“I found one or two items with the metallic element, as well as a source of protein,” Fraser said. “But these also contained silicone which would have been very easy to spot in our sample analyses and there was no silicone present. By this time we were seeing the protein contamination with some regularity and a stray dab of makeup would not account for this feature.”
After a combination of literature searches and experimental work, Fraser and his team came up with a new hypothesis: the protein they were seeing in the rubber samples was coming from ordinary house dust.
"House dust from homes, offices and human environments, can provide a source of protein, quite apart from the handling of polymers, rubber chemicals, metal treatment chemicals, or process chemicals," Fraser said.
House dust, as it turns out, is a multicomponent mixture. It contains inorganic chemicals, such as silica (sand), clay (aluminum silicate) and calcium carbonate (calcite), as well as organic chemicals, including protein from human skin cells, textile fibers and paper fibers.
All these components absorb infrared light, meaning that they could be found using IATR/FTIR analysis. So, they correlated each of the spectra with the IATR/FTIR structure maps generated from the samples.
As shown in Figure 2, the lab found all seven components in the samples. As a result, they were convinced that the protein was coming from house dust.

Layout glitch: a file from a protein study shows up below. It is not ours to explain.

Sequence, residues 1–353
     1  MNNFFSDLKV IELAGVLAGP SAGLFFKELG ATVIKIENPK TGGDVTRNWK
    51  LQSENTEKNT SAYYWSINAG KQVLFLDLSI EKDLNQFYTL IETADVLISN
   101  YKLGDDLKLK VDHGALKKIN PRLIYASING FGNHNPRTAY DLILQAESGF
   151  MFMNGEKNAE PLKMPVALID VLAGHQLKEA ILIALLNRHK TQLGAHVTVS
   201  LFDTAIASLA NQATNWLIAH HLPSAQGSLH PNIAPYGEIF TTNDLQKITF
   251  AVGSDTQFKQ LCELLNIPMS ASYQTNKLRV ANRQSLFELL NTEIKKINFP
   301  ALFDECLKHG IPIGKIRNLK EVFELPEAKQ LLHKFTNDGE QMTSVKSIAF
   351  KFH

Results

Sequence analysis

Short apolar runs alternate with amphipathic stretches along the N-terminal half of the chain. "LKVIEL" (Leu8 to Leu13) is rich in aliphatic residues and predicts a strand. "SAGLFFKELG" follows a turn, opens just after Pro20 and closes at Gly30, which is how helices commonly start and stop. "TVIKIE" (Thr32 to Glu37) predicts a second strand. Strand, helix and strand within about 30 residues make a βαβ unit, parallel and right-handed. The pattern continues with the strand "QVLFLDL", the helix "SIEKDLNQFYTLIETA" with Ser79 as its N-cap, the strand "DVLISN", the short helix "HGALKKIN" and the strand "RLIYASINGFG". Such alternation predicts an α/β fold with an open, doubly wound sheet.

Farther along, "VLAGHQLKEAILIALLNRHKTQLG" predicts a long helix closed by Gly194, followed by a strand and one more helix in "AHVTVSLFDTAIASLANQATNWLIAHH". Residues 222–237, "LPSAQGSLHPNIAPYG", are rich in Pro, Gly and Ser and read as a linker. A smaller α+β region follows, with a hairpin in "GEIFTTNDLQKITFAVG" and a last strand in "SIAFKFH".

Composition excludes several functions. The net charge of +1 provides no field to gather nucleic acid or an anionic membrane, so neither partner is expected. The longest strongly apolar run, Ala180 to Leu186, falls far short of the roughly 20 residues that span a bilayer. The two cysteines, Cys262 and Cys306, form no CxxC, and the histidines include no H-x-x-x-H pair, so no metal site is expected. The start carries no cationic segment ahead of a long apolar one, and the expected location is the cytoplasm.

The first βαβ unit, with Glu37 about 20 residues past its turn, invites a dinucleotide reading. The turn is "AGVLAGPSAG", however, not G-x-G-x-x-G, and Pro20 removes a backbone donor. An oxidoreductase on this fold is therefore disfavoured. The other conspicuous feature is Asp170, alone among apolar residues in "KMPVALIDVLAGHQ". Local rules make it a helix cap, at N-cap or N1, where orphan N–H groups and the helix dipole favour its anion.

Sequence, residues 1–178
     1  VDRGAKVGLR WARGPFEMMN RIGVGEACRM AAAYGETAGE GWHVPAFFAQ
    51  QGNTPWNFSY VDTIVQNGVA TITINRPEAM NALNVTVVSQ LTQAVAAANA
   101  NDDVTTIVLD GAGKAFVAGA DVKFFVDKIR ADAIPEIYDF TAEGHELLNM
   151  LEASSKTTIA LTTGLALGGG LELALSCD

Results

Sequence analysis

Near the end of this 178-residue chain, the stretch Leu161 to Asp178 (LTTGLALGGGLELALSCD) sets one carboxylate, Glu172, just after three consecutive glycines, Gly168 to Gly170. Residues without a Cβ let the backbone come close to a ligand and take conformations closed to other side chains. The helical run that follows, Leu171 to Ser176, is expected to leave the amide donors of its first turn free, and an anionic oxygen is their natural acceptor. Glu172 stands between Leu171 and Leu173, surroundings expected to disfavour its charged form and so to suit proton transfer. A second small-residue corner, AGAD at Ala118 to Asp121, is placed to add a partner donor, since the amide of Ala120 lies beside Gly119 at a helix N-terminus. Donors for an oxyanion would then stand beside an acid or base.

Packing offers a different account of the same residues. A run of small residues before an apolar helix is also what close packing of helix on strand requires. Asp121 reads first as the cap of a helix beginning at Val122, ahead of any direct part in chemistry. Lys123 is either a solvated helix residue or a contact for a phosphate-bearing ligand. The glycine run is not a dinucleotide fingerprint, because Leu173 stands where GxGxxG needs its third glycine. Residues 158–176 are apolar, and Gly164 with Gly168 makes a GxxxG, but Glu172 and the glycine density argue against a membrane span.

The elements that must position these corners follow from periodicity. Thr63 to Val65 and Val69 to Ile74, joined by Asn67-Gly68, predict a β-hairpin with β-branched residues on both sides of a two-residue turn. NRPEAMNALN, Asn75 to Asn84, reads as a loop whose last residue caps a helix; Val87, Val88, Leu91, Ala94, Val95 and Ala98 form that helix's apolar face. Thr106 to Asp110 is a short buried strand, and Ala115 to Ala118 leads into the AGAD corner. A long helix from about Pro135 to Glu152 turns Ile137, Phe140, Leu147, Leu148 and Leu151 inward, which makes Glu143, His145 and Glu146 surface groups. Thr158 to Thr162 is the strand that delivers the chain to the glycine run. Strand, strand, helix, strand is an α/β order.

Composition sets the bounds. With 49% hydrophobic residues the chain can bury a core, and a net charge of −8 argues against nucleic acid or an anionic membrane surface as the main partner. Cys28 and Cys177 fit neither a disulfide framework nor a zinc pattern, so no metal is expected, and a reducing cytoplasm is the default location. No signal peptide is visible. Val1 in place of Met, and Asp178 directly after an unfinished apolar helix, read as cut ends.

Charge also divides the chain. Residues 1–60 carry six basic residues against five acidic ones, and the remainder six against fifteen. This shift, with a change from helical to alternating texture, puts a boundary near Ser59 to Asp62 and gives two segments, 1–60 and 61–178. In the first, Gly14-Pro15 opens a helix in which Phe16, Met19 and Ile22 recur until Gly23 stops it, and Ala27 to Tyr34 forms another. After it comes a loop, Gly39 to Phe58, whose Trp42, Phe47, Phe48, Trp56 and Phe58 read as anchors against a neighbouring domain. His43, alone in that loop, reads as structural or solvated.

In addition to running analyses for the seven dust components, the lab also ran an analysis with polystyrene. They did this as a negative control to ensure that the procedure will recognize a mismatch. What they found was that even though the correlation value was reasonably high, the spectrum was still a clear mismatch. This shows that this method does not generate false positive matches.
The question now is whether or not the presence of protein means that the rubber samples are contaminated. Dust, and thereby proteins, will be present, unless steps are taken to eliminate it.
According to Fraser, it’s not up to him to decide if the presence of protein constitutes contamination. His opinion, though, is that, except perhaps for clean-room applications, small protein particles should not be considered contamination. To come up with a definitive answer, he notes, the company would have to run an extensive molding trial.
Another question that might be asked is whether or not a lab can be too capable for its own good? New and better equipment is certainly letting labs see things that they were not capable of seeing before. While this new data may challenge the status quo, certainly it's better to have these capabilities than not having them.